Max Kanat-Alexander mkanat at
Thu Nov 15 08:42:30 UTC 2012

	Hey Bugzilla Developers.

	I love working on Bugzilla, and I'm totally thrilled at the 
unbelievable changes we've made it it. I'm pretty sure that in 2004, 
most people thought that this project was going to die and be crushed by 
all the major commercial competitors that suddenly arose. And yet, here 
we are, still one of the most widely-respected and used  bug-tracking 
systems in the world, all based on volunteer efforts and open-source 

	This isn't to say that the project is totally out of danger--it's very 
likely that some significant changes have to happen in order to keep the 
project alive (myself and other reviewers discussed this a few months 
back), and the Pretty project needs to be completed in order for us to 
retain a broad userbase. But the sort of things we've accomplished 
(particularly the degree of improvement in code quality without a full 
re-write) with this codebase have possibly never before been achieved by 
any software organization in the world, let alone one populated across 
nearly every timezone by people working in their spare time. So I think 
we deserve a little pat on the back from ourselves.

	I personally had a major goal of bringing Bugzilla's code up to a high 
level of quality and learning enough from that process to develop a 
series of broad principles for software development as a whole. With the 
completion of my book, I believe that I have accomplished this, and now 
it's time for me to start focusing on bringing that message to the 
world, as well as time for me to start focusing on my career at Google 
where I may also be able to have a significant and important impact on 
the world of software development.

	In reality, LpSolit and others have actually been managing the project 
entirely without me for the last several months (in fact, for pretty 
much the entire 4.4 release cycle) so I think there's excellent evidence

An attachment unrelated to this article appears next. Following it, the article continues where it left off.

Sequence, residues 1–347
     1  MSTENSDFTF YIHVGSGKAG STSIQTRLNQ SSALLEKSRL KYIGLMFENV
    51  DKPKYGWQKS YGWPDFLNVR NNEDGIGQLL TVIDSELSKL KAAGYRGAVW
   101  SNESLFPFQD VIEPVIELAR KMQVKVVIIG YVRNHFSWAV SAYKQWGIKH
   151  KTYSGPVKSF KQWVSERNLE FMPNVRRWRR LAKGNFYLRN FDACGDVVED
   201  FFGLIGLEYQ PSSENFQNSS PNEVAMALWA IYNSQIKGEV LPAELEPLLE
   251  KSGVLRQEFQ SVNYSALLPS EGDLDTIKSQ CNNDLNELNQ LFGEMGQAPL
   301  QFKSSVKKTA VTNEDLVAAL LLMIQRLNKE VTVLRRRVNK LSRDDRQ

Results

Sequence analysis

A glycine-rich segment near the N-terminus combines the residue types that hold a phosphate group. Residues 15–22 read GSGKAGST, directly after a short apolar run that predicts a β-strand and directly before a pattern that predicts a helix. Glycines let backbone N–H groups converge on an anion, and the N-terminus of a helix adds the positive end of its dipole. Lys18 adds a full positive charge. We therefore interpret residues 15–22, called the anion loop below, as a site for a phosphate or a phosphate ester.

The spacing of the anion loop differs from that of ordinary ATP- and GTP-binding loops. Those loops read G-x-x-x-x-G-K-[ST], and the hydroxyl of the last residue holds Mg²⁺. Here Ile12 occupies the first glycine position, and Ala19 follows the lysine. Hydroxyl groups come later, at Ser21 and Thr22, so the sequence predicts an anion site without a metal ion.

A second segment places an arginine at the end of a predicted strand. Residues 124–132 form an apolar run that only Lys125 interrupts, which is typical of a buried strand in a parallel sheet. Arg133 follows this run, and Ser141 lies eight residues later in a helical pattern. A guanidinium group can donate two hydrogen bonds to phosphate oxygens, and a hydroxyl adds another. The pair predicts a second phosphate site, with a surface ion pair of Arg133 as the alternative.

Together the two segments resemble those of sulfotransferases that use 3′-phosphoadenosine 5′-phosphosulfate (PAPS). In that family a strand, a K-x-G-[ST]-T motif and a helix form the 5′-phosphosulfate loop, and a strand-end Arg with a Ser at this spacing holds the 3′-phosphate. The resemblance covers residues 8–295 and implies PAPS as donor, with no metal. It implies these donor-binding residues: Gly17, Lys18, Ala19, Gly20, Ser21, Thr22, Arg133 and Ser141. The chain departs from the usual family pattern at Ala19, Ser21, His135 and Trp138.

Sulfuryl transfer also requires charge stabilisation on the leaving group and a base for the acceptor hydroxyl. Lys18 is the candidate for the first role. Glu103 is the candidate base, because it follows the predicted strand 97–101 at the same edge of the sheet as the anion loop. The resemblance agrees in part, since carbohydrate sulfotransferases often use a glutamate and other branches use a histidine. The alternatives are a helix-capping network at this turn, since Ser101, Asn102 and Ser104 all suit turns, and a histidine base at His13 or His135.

that the project can both survive and flourish without me. I will 
definitely miss the Bugzilla community and the great work that we've 
done together, but I think the best thing to do at this point is to 
transition away all of my duties to others so that I can focus on what I 
need to focus on, and so that the project can have somebody holding all 
of the positions that need to be held.

	If I had to supply only three pieces of advice to the Bugzilla 
community that should live on and be kept in force always, they would be:

	(1) Make sure you keep intact all of the principles of an effective 
open-source community. It's most important that we gain and retain 
developers faster than we lose them. I wrote up the results of my 
research into this at:

	(2) The most important thing to focus on when prioritizing features is 
"how much does this help people track bugs?" I wrote this up as "The 
Feature Acceptance Test" once, and I think it helped us have one of the 
most successful releases we ever had. I would suggest keeping this in 
operation for every release:!topic/

	(3) Remember that code quality is king. Without code quality, we can't 
deliver features in time that actually end up helping our users. Losing 
code quality almost killed the project once; letting that standard slip 
could end us up there again.

	With that said, it's time to give away all of my duties! As near as I 
can tell, here's a list of all the things I'm currently in charge of, 
with who they should go to:

	* Infrastructure (Sysadmin)

	This is already being handled by wicked.

	* CVS-to-bzr sync

	wicked, could you please take this over? It runs on landfill from my 
personal crontab.

	* webmaster at

	Also being handled by wicked.

	* Twitter

	justdave has volunteered to take this over.

	Note that I routinely search for the word "Bugzilla" on Twitter and 
reply to people who have genuine questions or problems. I don't feed the 
trolls who have pure complaints that aren't useful, but sometimes I do 
offer to help them or ask them for specifics so that I can be helpful to